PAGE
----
Parties united on swift 'magic' mushroom ban

  • 15 February 2006
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The knee-jerk ban on the sale or possession of mushrooms containing psilocybin has been backed by five of the six major parties in the Dáil, despite none having any evidence to support their stance. Peter McGuire reports

Opposition spokespersons, Liz McManus, Liam Twomey and Aengus Ó Snodaigh, who each supported the ban on magic mushrooms, do not know of any evidence to suggest "magic" mushrooms are dangerous to public or individual health. They were also unaware of academic studies which conclude that "magic" mushrooms are not dangerous. The majority of politicians – despite being uninformed about magic mushrooms – have supported the stance of Minister for Health, Mary Harney, and the Government, who banned them recently.

TDs from the main opposition parties – Fine Gael, Labour, and Sinn Féin – all backed the ban on "magic" mushrooms, while only the Green Party broke the political consensus and questioned the ban. The party's spokesperson on health, John Gormley TD, argued alcohol was the most serious drug in Ireland and that Harney had ignored this while pursuing a ban on "magic" mushrooms.

Research carried out by CAM (Coordination Centre for the Assessment and Monitoring of New Drugs), an organisation established by the Dutch government found that "the use of paddos (hallucinogenic mushrooms) does not, on balance, present any risk to the health of the individual." They found that they are not addictive; the worst outcome of taking them may be flashbacks; there is a very low risk to public order, especially compared to other drugs; and there is a very low risk to the individual taking them, especially compared to other drugs.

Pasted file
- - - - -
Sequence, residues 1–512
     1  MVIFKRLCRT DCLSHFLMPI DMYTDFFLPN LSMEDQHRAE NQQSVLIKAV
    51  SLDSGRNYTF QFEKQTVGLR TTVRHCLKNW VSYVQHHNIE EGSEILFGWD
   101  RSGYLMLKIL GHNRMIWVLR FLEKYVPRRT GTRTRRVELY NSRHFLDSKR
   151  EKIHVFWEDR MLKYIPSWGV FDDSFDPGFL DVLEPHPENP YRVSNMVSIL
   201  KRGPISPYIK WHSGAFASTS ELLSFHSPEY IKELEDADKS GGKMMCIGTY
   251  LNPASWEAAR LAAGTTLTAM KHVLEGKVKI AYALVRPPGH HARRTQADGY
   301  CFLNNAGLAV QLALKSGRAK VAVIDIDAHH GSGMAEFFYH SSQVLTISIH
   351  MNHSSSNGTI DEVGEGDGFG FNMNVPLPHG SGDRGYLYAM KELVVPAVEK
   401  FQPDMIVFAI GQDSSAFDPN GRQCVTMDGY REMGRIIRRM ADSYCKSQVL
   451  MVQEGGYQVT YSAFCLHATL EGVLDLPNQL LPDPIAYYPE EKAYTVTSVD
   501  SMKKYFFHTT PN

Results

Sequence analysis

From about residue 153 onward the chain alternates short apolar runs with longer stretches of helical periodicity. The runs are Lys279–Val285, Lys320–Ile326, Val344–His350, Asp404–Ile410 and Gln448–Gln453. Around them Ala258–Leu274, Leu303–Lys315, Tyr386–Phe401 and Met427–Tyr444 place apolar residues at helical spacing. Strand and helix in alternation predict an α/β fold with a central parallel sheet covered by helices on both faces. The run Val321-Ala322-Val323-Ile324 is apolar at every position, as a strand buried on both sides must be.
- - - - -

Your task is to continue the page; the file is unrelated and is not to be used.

CAM established a board consisting of toxicology professors, law enforcement officials, doctors, prosecutors, addiction specialists, and representatives of the EU body, the European Monitoring Centre for Drugs and Drug Addiction (EMCDDA), to investigate all aspects of "magic" mushrooms.

CAM expressed concern that a ban would lead to users picking wild mushrooms, where they may confuse "magic" mushrooms with poisonous varieties. They stated that the legalised status of "magic" mushrooms kept people away from "other, possibly more risky products". CAM concluded that "the results of the risk assessment do not present any need for a statutory ban."

A separate study by Swiss psychiatrists attached to a university, stated: "there is no cause for concern that administration of PY (psilocybin) to healthy subjects is hazardous with respect to somatic health." This contrasts with similar studies on tobacco and alcohol.